Many people use generators improperly; Video highlights how to prevent CO poisoning

FOR IMMEDIATE RELEASE                                Connecticut Department of Public Health

November 14, 2014                                                      Contact:  William Gerrish

                                                                                      (860) 509-7270


Hartford – With colder weather upon us and furnaces in use, the Connecticut Department of Public Health (DPH) warns residents of the dangers of carbon monoxide (CO) and asks that they take steps to prevent deadly CO poisoning.


Health officials say that to stay safe in their homes, residents should have their heating systems serviced and carbon monoxide detectors installed and maintained. Last year, a Connecticut family escaped from their house after a carbon monoxide leak from their furnace. The alarm in the carbon monoxide detector they had installed in the home went off after midnight and alerted them to the danger. Several of the family members had been experiencing symptoms of CO poisoning – dizziness and headache – but did not recognize the symptoms. The CO levels found in the house were at levels that could cause death.


“This family was fortunate because they had installed a CO detector which very likely saved their lives. But every year hundreds of Connecticut residents are taken to the emergency department due to carbon monoxide exposure. Some are hospitalized and even die from CO poisoning,” said DPH Epidemiologist Brian Toal. “That is why it is critical that every homeowner have a properly installed CO detector in their home. Often times, CO detectors are the only way to know that the deadly gas is present. We recommend that residents install CO detectors near all sleeping areas in their home to alert them of the presence of CO.”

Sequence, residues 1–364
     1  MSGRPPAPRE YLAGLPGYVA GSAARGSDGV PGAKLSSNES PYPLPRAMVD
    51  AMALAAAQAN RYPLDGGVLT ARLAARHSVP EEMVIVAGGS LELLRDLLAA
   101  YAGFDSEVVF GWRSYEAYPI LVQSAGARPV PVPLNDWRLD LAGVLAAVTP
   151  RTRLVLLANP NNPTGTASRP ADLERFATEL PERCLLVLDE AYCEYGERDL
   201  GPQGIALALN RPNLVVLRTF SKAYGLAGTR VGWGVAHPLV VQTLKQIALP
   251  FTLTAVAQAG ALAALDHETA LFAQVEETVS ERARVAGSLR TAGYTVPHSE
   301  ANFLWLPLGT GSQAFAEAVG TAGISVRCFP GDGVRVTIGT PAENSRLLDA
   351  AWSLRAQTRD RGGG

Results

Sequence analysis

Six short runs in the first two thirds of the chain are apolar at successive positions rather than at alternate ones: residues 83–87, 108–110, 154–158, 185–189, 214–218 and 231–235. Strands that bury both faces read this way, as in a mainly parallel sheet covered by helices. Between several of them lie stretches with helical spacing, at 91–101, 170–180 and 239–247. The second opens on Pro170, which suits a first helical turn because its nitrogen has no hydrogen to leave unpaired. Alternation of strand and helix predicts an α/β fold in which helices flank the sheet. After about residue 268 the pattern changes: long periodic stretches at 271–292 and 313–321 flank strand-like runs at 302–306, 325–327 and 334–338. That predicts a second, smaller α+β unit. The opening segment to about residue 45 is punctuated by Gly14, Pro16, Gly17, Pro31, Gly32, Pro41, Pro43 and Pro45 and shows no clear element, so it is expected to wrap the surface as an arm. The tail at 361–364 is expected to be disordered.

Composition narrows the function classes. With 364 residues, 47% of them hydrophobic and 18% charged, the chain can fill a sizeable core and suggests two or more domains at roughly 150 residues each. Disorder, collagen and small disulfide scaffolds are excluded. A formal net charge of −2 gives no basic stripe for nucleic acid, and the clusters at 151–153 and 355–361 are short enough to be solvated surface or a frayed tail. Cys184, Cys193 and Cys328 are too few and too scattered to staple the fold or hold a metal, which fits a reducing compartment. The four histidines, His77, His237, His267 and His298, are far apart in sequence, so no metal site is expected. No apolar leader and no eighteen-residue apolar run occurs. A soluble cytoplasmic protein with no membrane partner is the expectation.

According to DPH, last year there were 310 emergency department visits for unintentional non-fire related CO poisoning in Connecticut, and 16 unintentional non-fire related hospitalizations due to CO.


When power goes out many people run portable generators inside or close to the home, or use charcoal grills inside the home. DPH survey data shows that more than half of the people surveyed ran their generators improperly. Generators should be placed at least 20 feet from the house and never inside the house, enclosed porch or attached garage. Charcoal grills should never be used indoors.


CO is an invisible, odorless gas that can be fatal. The symptoms of CO poisoning can mimic those of the flu, including headache, fatigue, dizziness, nausea, vomiting, or loss of consciousness. If several members of a household experience these symptoms when they are home, but feel better when they are away from the home, there may be a CO problem.


DPH offers the following safety tips to prevent CO poisoning:


  • Install a carbon monoxide detector near sleeping areas. Install new batteries at least once a year and replace detectors every five to ten years according to the manufacturer’s directions, as the sensors degrade.
  • Have your heating systems, chimney flues, gas appliances and generators checked every year, and cleaned and serviced as needed by qualified heating/appliance contractors.
  • Never use portable generators, pressure washer engines, or other gasoline-powered equipment (including tools) inside your home, garage, carport, basement or other enclosed spaces. Be sure to place portable generators at least 20 feet from your home.
  • Use gasoline-powered equipment outside and away from doors, windows or air intake vents.
  • Use grilling apparatus such as charcoal or gas grills outdoors only.
  • Opening windows and doors, and operating fans is NOT sufficient to prevent buildup of CO in a home.
  • Get out of the house and seek medical help immediately if you or a family member has unexplained/sudden onset of symptoms of CO poisoning. Symptoms include headache, fatigue, dizziness, nausea or vomiting, and loss of consciousness.
  • Call 911 from a cell phone or neighbor’s home and the Connecticut Poison Control Center at 1-800-222-1222.


DPH developed a video, Carbon Monoxide: The Silent Killer, to help raise awareness of the dangers of CO and how to prevent poisoning. It is available online in English and Spanish.


For more information on carbon monoxide poisoning and prevention:



Connecticut Poison Control Center



For more information on carbon monoxide detectors:

Underwriters Laboratories, Inc.